Using this myth of Sisyphus, Albert Camus introduces the philosophical concept of the absurd and how it interplays in both Sisyphus’s life and our own by asking the ultimate philosophical question, “Is life worth living?”. To look at this question objectively, we must break it down into a few parts. This question isn’t linked to suicidal thoughts or intentions, but rather simply pondering whether life exists for a purpose. There exists two different paths this question could take you; life has purpose or life doesn’t. Suppose that there was a purpose to your life – this would entail that your life would have meaning simply because there is a sole reason for your existence. In other words – you are created for a purpose and possess an intrinsic value. If your life was created with purpose one would assume that it would be worth living to fulfill it. However, looking at the other possibility, the one that Camus believes – if life has no purpose then the question implies that perhaps with no intrinsic or god given purpose; life is meaningless. In Camus’s writings he tries to make sense of this lack of meaning and what options we have when confronting the absurd.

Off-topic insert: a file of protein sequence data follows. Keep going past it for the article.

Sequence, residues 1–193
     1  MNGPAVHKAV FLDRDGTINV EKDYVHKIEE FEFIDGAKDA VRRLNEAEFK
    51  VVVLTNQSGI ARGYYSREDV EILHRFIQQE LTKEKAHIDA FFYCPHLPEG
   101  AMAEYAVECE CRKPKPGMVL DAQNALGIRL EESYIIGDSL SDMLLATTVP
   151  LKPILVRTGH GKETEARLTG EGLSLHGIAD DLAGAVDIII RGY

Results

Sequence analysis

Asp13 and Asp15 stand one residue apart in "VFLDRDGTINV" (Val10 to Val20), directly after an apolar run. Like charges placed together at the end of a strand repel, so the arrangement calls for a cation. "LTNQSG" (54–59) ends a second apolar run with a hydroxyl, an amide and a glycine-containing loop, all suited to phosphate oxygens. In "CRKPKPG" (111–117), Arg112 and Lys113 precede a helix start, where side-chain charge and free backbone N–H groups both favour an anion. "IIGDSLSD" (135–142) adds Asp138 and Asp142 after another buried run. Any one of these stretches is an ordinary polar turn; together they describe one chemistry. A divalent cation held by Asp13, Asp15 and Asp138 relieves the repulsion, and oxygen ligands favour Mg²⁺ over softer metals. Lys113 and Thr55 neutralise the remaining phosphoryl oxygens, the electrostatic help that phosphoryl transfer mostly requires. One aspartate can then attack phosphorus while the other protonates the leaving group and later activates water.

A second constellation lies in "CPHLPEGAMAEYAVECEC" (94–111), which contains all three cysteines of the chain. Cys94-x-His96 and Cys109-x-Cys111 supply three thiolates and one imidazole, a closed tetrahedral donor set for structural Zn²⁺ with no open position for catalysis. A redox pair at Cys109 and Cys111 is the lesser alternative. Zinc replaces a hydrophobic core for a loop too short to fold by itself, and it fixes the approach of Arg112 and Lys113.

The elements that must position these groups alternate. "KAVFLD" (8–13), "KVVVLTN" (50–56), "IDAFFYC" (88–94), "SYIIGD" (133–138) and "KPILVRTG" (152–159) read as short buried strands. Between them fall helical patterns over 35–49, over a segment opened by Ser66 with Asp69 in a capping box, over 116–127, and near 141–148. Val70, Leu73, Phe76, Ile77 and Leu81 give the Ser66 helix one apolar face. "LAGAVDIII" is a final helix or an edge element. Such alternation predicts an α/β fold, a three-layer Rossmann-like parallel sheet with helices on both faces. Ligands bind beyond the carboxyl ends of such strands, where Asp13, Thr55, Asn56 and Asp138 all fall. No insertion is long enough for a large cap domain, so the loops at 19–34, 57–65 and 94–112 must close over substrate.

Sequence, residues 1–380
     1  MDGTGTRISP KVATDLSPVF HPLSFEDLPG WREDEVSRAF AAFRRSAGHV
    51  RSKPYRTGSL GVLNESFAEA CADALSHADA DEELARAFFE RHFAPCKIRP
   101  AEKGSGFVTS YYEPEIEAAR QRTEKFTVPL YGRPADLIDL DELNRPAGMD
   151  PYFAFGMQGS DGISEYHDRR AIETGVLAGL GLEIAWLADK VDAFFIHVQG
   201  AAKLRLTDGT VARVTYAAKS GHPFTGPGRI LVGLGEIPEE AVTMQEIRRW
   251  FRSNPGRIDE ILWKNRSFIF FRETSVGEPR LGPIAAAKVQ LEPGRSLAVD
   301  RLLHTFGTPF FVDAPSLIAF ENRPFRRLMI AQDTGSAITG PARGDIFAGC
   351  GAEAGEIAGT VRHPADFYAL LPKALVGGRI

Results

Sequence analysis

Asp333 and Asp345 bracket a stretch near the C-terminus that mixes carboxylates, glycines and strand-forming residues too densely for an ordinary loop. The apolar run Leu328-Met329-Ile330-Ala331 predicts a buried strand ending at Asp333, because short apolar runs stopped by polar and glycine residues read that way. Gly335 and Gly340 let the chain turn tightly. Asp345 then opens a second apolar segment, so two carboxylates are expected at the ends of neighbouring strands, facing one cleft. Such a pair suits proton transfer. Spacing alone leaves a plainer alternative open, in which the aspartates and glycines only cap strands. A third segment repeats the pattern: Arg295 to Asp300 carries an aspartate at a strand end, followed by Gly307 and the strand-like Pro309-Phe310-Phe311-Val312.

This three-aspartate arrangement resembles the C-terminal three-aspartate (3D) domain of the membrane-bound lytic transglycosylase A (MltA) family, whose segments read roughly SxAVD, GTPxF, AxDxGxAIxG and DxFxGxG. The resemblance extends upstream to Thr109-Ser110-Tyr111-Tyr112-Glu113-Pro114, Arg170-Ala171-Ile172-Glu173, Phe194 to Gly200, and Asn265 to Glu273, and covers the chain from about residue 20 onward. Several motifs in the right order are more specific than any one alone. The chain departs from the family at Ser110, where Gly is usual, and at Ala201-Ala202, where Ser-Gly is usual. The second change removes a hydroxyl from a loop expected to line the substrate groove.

Jean-Paul Sarte, an existentialist philosopher, alluded to the lack of purpose human beings have in his writings. He argued that we are not paper cutters which are created with the intent to cut paper and serve one mission. Instead we are thrust into this world and are forced to find ourselves to create our own purpose. This lack of meaning, the chaotic way in which we must assign purpose to ourselves encourages nihilism. For we are not born as paper-cutters, nor staplers, or erasers. There exists no creator who designates what we are made to do. We shape ourselves in forms of artists and scientists, politicians and anarchists because these roles that we may take on were not assigned by a higher being. For medical physicians, they chose the path to help others – it wasn’t fate nor God which forced them into their role. It came from an intrinsic place. In order to live well we must forge our own path in the meaningless world. The human tendency to search for meaning in an otherwise meaningless universe is what Camus labels as “the absurd”. There is a tension that exists between continuously searching for meaning, while fully conscious that the meaning one searches for does not exist in the universe. This desolate concept of the absurd further challenges us on how we can continue to live knowing that we will never find meaning. For Camus, he seeks to find a way to grapple with how we can coexist with absurdity and what the best way to cope with it is.